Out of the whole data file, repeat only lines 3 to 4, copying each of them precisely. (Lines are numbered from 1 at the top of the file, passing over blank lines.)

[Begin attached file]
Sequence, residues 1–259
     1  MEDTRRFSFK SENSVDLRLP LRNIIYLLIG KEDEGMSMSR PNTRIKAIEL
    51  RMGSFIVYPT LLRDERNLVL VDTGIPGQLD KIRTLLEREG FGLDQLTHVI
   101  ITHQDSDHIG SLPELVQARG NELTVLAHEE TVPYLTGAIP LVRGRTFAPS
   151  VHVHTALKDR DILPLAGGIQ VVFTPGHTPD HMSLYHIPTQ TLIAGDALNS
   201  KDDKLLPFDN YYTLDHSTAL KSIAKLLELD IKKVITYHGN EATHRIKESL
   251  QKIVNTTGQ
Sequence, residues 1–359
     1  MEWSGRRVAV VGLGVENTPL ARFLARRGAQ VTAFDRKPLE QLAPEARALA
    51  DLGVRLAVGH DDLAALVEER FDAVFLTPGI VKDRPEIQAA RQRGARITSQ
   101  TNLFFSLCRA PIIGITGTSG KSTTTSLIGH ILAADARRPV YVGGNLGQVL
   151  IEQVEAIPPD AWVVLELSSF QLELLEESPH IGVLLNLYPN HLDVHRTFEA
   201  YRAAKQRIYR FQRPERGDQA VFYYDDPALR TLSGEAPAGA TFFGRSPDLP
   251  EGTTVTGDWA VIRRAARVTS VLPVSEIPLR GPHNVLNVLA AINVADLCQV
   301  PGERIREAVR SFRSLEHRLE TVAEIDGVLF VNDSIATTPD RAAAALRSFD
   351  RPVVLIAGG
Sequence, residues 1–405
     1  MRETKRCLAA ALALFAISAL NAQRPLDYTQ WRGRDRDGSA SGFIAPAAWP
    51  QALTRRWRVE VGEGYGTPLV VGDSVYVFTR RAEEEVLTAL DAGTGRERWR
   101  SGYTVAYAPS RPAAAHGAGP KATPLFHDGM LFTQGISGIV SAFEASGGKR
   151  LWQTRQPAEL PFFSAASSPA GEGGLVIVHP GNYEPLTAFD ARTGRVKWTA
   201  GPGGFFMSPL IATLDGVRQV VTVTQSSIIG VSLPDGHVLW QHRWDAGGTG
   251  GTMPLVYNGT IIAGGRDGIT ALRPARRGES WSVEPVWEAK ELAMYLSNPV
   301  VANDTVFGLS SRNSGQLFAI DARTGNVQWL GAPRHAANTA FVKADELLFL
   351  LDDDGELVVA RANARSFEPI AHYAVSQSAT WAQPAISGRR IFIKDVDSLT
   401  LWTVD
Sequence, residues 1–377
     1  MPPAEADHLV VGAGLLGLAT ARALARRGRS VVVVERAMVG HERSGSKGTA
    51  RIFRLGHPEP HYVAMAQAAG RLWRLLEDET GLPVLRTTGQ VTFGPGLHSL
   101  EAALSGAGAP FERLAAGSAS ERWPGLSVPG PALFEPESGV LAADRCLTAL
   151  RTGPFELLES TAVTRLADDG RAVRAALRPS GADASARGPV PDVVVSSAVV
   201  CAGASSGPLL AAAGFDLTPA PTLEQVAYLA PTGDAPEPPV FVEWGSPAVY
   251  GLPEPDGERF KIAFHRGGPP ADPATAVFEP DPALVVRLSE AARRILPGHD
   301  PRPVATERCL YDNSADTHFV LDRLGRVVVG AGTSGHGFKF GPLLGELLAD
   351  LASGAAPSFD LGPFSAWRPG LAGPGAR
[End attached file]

    51  RMGSFIVYPT LLRDERNLVL VDTGIPGQLD KIRTLLEREG FGLDQLTHVI
   101  ITHQDSDHIG SLPELVQARG NELTVLAHEE TVPYLTGAIP LVRGRTFAPS